The legendary Sir Stirling Moss was quite simply an impeccable gentleman who raced cars and enjoyed not only winning but competing with the very best throughout his career. Former Top Gear presenter and motoring guru, Quentin Wilson has paid a fitting tribute to a man who embraced life and its challenges to the very end.
Sir Stirling Moss – Modest
Stirling was one of those rare blokes who only talked about himself if you asked him to. Startlingly modest, he’d shrug off his stellar achievements and always swerve the conversation in a different direction.
Thoroughly self-effacing he wasn’t remotely preoccupied with his own legacy but preferred talking about the skills of other drivers. Over the years he became a friend and across a crowded room would always flash his genial, trademark smile. But I realised just how important preserving the legacy of his contemporaries was to him when I was on the Lister stand at the Race Retro show launching their continuation Knobbly in 2014.
Magnesium bodied Knobbly
Stirling was in his element telling spell-binding anecdotes about driving for Lister in the 50s and regaling us with tales of its can-do team culture and shoe-string budgets. But I remember watching his eyes shine as he talked about the bravery and determination of Brian Lister and Archie Scott-Brown.
Stirling skirted over his pole-to-finish victory in the British Grand Prix in July ’58 in the magnesium bodied Knobbly and told us that disabled Archie Scott Brown, who had died at Spa earlier that year, was one of the most talented drivers of his generation and that Brian Lister was the nicest team boss in the world.
I saw a real passion to fill in the gaps in the Lister story. To make sure these two significant faces of 1950s British motorsport were finally, and properly acknowledged. That day Stirling was on a mission for history.
And when we politely asked if he might be interested in putting his name to a limited-edition magnesium Knobbly, he hesitated for an entire nanosecond. No negotiations, no wrangling, no small print. This, he told us, was simply ‘the right thing to do’.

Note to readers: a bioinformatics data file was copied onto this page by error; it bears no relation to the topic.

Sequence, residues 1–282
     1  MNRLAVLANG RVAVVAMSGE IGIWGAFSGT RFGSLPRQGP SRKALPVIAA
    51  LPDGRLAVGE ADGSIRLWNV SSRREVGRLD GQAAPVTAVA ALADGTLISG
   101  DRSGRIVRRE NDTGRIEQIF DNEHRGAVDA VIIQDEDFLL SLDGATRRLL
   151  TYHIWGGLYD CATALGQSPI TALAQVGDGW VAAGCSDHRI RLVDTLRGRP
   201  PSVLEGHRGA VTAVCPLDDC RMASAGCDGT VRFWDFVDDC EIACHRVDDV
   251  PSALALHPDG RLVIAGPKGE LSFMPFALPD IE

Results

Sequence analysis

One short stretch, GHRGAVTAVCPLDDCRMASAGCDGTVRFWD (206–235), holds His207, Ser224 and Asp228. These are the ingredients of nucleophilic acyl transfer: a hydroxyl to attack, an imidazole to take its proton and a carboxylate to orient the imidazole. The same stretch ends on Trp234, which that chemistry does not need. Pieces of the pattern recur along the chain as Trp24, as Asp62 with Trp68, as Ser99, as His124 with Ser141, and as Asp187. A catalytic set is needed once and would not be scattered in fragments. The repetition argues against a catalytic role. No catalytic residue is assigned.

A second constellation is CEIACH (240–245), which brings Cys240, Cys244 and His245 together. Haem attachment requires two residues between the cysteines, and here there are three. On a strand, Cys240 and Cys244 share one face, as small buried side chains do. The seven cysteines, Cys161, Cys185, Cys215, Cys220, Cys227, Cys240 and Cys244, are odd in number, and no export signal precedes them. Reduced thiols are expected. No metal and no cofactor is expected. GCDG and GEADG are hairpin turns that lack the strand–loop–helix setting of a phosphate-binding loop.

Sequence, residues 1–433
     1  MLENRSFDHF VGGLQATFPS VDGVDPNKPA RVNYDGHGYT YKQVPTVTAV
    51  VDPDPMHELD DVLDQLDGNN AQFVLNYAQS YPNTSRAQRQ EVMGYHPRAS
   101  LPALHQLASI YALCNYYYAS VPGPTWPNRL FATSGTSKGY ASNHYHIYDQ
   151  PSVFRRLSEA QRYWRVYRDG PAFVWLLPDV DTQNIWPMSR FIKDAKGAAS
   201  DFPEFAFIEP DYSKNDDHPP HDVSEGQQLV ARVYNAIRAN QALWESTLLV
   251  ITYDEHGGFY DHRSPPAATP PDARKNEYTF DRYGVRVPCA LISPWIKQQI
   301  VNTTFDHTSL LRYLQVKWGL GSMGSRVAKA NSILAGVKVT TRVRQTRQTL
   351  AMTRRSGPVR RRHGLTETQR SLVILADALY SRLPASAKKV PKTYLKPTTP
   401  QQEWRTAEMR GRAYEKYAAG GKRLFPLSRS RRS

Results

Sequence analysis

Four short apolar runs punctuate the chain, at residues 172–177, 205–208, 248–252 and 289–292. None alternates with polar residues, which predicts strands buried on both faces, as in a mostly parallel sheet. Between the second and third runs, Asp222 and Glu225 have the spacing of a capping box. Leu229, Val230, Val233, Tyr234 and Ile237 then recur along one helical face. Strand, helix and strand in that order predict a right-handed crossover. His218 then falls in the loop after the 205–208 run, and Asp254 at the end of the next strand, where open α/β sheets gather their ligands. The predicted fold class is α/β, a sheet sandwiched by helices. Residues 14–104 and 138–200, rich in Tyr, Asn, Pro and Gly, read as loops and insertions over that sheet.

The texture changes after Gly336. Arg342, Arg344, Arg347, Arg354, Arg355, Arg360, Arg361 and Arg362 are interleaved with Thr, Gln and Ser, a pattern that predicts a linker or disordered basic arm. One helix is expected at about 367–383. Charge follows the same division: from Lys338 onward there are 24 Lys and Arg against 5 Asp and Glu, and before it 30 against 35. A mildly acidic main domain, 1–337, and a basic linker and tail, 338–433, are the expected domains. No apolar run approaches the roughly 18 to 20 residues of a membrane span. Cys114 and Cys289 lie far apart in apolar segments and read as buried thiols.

For an unfeasibly small amount of money, Stirling agreed to the deal with a single condition: that we’d sit with him at home with his scrapbooks to make sure every detail of the car along with Archie’s and Brian’s contributions were historically and absolutely correct. Several weeks later Lawrence Whittaker, Lister’s CEO, and I sat with Stirling in his living room and spent a day surrounded by a cornucopia of yellowed newspaper and magazine cuttings.
This was one of the most memorable days I’ve ever spent. This kindly, gentle motorsport legend animatedly explained Archie’s considerable disability, fearless skill and prodigious talent. His affection and respect for Brian Lister was clear too and not just because his tiny team was up against the factory back up of Mercedes, Ferrari and Aston Martin, but because he believed in Archie so much. Brian, Stirling explained, knew greatness when he saw it.
Stirling inherited his drive in the magnesium Knobbly just two months after Archie’s death and graciously spoke at length of Archie’s ‘astonishing lap times’ in the ‘sweet-handling Lister’. He also made it tragically clear that Brian Lister never forgave himself for Archie’s crash in May ’58 and that it haunted him forever. A true gentleman racer he spent our day together praising others. For me, that day sums up everything you need to know about Sir Stirling Moss.
A humble, honourable, charming legend is still deeply respectful of the people he raced with all those years ago. Uniquely, he was a man more interested in talking about the victories of others than his own. Stirling we miss you. Rest in peace.